President Vladimir Putin said he has not ruled out supporting a military operation in Syria if provided with evidence proving government forces used chemical weapons.
“I haven’t excluded it,” Putin said when asked about the possibility of supporting UN-led military intervention in the Middle Eastern country if convinced that Syrian President Bashar Assad used poisonous gas against his own people.
Putin was speaking late Tuesday in an interview with Channel One state television and The Associated Press before the G20 summit in St. Petersburg.
But he stressed that only the United Nation Security Council had the legal mandate to authorize the use of force against a sovereign country, saying that any other military action in Syria “could only be called aggression.”
Putin also said U.S. evidence that Syrian government forces had used sarin gas in late August was inconclusive. He repeated his previous claim that any evidence suggesting the possible use of chemical weapons in Syria should be submitted to the UN for further investigation.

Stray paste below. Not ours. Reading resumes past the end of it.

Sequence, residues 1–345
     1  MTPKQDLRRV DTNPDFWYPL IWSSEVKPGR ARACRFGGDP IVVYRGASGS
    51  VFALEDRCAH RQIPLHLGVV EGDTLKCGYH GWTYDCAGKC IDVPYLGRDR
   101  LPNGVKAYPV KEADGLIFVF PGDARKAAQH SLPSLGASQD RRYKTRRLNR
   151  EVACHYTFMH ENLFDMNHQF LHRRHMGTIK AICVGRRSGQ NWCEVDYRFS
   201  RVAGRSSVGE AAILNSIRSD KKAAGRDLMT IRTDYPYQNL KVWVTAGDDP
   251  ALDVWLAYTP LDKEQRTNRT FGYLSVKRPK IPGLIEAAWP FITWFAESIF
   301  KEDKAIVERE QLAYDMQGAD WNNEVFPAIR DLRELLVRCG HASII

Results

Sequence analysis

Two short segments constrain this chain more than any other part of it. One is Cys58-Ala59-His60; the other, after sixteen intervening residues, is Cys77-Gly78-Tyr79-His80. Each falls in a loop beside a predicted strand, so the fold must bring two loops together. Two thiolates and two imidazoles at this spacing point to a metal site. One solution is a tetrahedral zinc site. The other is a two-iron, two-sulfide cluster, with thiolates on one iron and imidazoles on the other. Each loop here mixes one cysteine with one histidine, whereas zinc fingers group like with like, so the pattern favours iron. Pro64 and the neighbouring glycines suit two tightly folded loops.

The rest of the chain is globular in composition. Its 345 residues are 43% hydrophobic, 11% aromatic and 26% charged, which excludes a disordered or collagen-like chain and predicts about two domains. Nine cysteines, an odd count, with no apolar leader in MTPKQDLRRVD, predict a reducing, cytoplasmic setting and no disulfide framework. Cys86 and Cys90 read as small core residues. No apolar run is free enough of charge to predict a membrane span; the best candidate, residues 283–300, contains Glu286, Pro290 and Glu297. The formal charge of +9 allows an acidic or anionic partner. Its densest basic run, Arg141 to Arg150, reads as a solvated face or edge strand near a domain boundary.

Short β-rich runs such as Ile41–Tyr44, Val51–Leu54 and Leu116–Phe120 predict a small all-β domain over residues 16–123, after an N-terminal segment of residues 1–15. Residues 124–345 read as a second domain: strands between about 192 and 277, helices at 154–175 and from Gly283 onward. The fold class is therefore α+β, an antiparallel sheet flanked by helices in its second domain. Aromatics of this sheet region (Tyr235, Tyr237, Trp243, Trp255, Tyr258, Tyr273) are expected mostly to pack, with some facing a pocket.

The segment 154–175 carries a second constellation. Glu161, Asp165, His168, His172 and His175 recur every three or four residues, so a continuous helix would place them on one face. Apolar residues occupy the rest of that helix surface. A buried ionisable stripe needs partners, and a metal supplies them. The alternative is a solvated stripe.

When asked if he had seen videos of a chemical attack’s victims, Putin called the images “horrible” but said that the videos could be from al-Qaida-linked rebels and did not prove who carried out the attack.
In addition to Syria, the interview covered a wide range of topics, including Putin’s relationship with U.S. President Barack Obama, U.S. Intelligence leaker Edward Snowden and Russia’s anti-gay propaganda law.
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